7.4

Lala Lala: The Lamb Review

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Lala Lala: <i>The Lamb</i> Review

The title of the new album by London-born/Chicago-based Lillie West aka Lala Lala wasn’t a random choice. The Lamb chronicles West’s quest for sobriety and continual dig for how to navigate young adulthood—both the messy side and the joyous side. Mixing melancholy, reverb-filled lo-fi, indie-rock and dream-pop, West doesn’t reach for mighty, happy-go-lucky choruses, rather the choruses serve as somber, much-needed exhales often just as satisfying as stadium rock-sized refrains.

The album opener and lead single, “Destroyer,” achieves a memorable chorus without having to slap on a happy face with a faux uplifting spirit. West sings as she tears herself down, “You are the reason my heart broke behind my back,” but she doesn’t feel the need to sugarcoat her pain or declare victory over her self-destructive feelings. She knows that she has to learn from her mistakes, but refreshingly she doesn’t overtly verbalize that in her lyrics. There’s a continuing pattern of West giving the benefit of the doubt to herself rather than others, with one of the best examples on “Scary Movie” (“Spilling blood is ugly / Unless I know it’s mine”).

There’s an underlying mercurial pain felt throughout this record, but not unlike The Smiths, West excels at cloaking it with jangly reverb-laden guitars and cheery melodies. On “Dove,” there’s a lurking sense of optimism, but the lyrics reveal a narrative of cynicism and alienation (“It’s all made up / Everyone just leaves”). West is often cryptic with her phrasing and she keeps her cards close, but her lyrics are no less cathartic and meaningful. On “The Flu,” West is harsh on herself (“And if I could drive my car / Then I would trash it / And if I could hold you back / You know I’d take it”) and on “Water Over Sex,” she acknowledges her self-guilt and secret-keeping, (“I’ve had too much fun / When will it get taken / I love my secrets / I’m lucky in making”).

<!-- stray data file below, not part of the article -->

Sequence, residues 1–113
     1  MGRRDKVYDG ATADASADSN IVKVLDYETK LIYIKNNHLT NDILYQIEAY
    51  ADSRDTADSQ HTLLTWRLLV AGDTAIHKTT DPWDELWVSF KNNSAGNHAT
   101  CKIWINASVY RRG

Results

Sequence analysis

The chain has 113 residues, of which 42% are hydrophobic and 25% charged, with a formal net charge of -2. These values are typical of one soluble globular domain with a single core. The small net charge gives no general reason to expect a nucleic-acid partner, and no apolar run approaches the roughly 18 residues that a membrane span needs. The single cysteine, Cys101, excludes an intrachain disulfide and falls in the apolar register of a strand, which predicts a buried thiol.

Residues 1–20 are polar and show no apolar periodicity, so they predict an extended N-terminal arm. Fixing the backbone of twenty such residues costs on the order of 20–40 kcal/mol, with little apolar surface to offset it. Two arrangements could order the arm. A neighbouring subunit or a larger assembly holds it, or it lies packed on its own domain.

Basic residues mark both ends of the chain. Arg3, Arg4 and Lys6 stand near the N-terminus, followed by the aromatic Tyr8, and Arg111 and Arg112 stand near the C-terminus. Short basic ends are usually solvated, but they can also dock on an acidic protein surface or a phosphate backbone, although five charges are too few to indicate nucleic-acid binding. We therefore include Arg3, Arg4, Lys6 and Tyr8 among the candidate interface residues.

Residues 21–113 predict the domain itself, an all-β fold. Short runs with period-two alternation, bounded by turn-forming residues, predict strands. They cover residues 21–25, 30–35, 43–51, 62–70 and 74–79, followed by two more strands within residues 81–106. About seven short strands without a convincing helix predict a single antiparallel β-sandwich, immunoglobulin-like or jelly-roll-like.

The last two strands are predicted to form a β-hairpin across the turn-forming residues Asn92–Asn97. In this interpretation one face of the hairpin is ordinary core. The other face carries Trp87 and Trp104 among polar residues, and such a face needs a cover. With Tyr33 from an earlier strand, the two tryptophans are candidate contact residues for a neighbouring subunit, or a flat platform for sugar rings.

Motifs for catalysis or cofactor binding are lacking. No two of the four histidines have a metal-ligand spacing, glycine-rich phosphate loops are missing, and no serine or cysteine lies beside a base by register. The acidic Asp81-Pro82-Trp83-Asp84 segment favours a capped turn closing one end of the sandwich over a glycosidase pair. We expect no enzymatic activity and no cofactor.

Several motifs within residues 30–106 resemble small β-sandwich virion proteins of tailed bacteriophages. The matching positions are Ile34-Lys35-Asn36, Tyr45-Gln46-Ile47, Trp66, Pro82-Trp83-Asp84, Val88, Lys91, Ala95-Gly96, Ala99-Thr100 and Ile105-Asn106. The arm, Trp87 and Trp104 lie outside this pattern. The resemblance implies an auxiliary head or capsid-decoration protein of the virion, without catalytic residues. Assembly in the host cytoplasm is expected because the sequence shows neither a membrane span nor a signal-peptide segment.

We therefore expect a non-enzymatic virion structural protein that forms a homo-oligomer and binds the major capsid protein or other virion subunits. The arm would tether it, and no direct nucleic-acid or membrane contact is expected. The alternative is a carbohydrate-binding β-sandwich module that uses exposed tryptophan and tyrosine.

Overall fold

The theme of water arises a few times, giving nod to the title’s theme of renewal and a strive for purity or at least more purity. On the final track, “See You at Home,” West references her new lifestyle changes, “So we’re working with water / I promise I’ll drink it cause it’s all I’m allowed to.” With guitars blaring, “When You Die,” on the other hand, sees West trying to come to grips with the death of a loved one as she tries to rewrite history and celebrate friendships, “And if I could try again / I’d predict what was ahead…Keep my friends safe / Keep my friends near.”

However, it isn’t all dark despair, on the second track, “Spy,” there’s an untouchable feeling and peppy energy as she speaks to the highs of life with no regrets and on “Dropout,” there’s invigorating drumming and hopeful, dreamlike keyboards while she paints a picture of a mystical world constructed by her deep-seated secrets. The second single, “Water Over Sex,” shows West has made progress, but isn’t anywhere near her desired destination, “You think I’m good well I want to be gooder.” Her vocal diversity also keeps things fresh as her voice ranges from a reverb-filled cascading pour (“Spy”) and triumphant singalong (“I Get Cut”) to gorgeous pop yelps (“Dropout”) and doo-wop crooning (“When You Die”).

By this point in her life and by the end of the record, West has, by no means, figured it all out or emerged victorious, but the point of The Lamb is that she’s trying and her efforts have resulted in a colorful listen and touching journey.

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